Shasta Self Compatible Variety sales reach 1 million trees
Paul Ewing / Dennis Soares
February 13, 2018

The 1 million trees reported by Ron Boone of Burchell Nursery, is already enough to produce approximately 20 million lbs. of almonds per season when these trees reach maturity.

Traditionally, almond growers plant multiple rows of different varieties so bees can cross pollinate and set a crop. The increasingly popular self compatible varieties like Independence and Shasta do not require multiple varieties as flowers from the same variety can pollinate each other.

RPAC anticipates receiving the first limited commercial quantities with the 2018 crop and see large acreage going in this winter. As we have not received more than samples, we defer to Burchell, the nursery, for quality info. They report inshell crack-outs of 60-65% with a well sealed, semi-soft shell, and large sized kernels that blanch well.

Below comparison shows left to right, Nonpareil, Shasta, IndependenceĀ 

Growing Considerations

Self compatible almonds appeal to growers for many reasons starting with bloom and the cost savings associated with lower bee requirements. With a single variety, harvest becomes more efficient and allow for less stress of the trees. There is potential for additional efficiency savings with with spray applications, irrigations, and more.

Growers report Shasta comes off the tree very easily, making for a clean shake. Shaking has been one of the challenges with Independence due to its tendency to grow on the scaffolds like we see with Wood Colony.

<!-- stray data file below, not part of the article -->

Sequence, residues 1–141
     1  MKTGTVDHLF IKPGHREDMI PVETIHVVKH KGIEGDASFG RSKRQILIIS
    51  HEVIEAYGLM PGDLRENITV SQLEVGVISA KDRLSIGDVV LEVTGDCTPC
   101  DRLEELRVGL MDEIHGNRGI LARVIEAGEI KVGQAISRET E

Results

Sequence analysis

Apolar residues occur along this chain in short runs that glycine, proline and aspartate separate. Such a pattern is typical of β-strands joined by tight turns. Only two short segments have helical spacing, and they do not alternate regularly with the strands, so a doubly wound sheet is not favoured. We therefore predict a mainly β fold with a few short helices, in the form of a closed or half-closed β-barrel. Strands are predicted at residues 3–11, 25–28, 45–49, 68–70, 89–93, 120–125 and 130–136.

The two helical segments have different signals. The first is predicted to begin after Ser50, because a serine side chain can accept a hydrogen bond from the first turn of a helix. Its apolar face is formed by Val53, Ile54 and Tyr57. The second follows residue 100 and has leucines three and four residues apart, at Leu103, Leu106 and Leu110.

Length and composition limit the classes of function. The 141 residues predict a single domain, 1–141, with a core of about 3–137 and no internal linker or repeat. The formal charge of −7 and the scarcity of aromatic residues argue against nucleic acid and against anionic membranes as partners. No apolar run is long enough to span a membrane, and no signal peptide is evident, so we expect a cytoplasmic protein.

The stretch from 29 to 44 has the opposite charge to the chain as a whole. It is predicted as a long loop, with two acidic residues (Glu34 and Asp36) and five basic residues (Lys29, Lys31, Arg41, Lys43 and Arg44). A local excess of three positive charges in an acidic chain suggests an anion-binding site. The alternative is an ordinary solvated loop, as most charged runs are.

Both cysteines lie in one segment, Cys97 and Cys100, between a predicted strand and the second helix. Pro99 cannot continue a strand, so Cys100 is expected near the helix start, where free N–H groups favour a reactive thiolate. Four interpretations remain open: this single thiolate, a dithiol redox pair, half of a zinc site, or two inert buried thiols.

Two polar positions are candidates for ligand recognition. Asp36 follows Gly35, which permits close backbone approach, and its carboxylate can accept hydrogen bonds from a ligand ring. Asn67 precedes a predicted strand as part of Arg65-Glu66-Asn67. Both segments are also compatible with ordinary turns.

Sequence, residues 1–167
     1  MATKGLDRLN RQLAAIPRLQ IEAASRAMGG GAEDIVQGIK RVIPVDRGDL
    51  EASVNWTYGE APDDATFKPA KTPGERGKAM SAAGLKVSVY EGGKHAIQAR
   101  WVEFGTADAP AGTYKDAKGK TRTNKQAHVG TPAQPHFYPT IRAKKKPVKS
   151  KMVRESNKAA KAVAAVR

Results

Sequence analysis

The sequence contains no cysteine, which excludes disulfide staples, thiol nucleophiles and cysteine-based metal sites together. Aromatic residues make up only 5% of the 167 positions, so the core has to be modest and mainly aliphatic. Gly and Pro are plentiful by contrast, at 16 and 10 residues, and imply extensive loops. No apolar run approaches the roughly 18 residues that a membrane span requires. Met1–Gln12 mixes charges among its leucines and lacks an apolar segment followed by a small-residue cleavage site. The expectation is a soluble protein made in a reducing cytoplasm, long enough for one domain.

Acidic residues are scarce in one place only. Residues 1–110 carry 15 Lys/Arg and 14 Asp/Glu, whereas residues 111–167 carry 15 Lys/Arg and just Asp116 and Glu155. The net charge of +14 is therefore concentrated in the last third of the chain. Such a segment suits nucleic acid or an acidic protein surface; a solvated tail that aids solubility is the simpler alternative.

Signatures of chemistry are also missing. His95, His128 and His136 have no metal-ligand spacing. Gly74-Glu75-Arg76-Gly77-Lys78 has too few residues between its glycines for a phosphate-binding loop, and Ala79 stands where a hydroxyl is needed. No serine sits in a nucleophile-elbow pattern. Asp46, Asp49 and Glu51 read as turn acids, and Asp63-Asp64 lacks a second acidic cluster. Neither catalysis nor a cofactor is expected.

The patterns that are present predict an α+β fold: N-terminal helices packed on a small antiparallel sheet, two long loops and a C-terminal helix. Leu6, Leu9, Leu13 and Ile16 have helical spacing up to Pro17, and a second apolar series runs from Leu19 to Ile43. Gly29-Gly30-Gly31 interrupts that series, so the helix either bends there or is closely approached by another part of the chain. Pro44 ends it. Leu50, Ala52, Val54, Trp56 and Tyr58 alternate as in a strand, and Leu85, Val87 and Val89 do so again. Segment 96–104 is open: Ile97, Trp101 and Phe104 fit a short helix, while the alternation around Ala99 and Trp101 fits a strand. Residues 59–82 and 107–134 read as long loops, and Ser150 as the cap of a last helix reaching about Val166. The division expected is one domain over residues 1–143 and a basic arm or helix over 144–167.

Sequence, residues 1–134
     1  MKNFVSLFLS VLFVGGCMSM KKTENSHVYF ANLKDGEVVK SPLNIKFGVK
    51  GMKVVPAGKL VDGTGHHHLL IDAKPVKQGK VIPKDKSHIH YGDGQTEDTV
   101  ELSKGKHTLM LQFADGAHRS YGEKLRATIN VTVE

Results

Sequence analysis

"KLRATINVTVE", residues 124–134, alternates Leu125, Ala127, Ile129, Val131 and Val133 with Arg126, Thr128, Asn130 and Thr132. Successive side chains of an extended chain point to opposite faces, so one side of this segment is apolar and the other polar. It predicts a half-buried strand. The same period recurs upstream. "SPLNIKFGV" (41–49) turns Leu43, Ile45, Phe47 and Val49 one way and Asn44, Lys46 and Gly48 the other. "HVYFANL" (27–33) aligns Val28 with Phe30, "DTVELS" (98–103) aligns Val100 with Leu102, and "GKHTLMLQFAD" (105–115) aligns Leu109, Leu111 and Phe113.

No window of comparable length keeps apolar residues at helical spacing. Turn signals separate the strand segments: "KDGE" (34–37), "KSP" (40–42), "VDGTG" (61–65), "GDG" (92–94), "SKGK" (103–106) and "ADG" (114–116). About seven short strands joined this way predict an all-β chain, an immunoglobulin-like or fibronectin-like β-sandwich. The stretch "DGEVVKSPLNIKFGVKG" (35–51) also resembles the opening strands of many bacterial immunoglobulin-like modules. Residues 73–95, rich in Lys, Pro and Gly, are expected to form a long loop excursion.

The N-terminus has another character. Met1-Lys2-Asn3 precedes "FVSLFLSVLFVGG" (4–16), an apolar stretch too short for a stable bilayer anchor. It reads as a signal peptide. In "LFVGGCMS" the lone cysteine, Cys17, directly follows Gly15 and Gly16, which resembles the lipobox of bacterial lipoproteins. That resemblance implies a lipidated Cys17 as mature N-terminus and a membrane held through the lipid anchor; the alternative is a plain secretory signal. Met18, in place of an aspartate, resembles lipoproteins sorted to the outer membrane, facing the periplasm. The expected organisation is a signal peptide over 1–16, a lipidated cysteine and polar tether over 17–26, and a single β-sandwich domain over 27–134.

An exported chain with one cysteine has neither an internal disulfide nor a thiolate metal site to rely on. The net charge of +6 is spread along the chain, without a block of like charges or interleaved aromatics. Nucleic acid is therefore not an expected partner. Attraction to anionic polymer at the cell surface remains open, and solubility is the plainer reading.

Burchell notes the Shasta tree is medium size, somewhat vigorous, with a shape of semi-upright to spreading. Growers tell us they are satisfied with the treeā€™s vigor, size and shape.

In a nearby trial orchard, we have noticed large clusters of almonds like those pictured here.

Harvest timing is reportedly with or slightly ahead of Nonpareil. Another advantage of both Independence and Shasta over traditional blocks is the ability to finish further ahead of the potential rainy season toward the later part of almond harvest. As more of these early harvest varieties reach maturity, there is concern about having enough harvest equipment to handle so much at one time.

The latest nursery report (April 2017) showed 2016 new plantings were made-up of: 37% Nonpareil, 25% Independence, 17% Monterey, 4 to 5% each of Wood Colony, Aldrich, and Butte. Shasta had not hit the radar yet. The self compatible varieties seem to be taking place of traditional pollinators such as Carmel, Price, Fritz, and Butte/Padre, as Nonpareil is holding its percentage of the acreage.

If planting Shasta with another variety such as Nonpareil, we recommend planting them in separate rows. Please feel free to contact us for further information.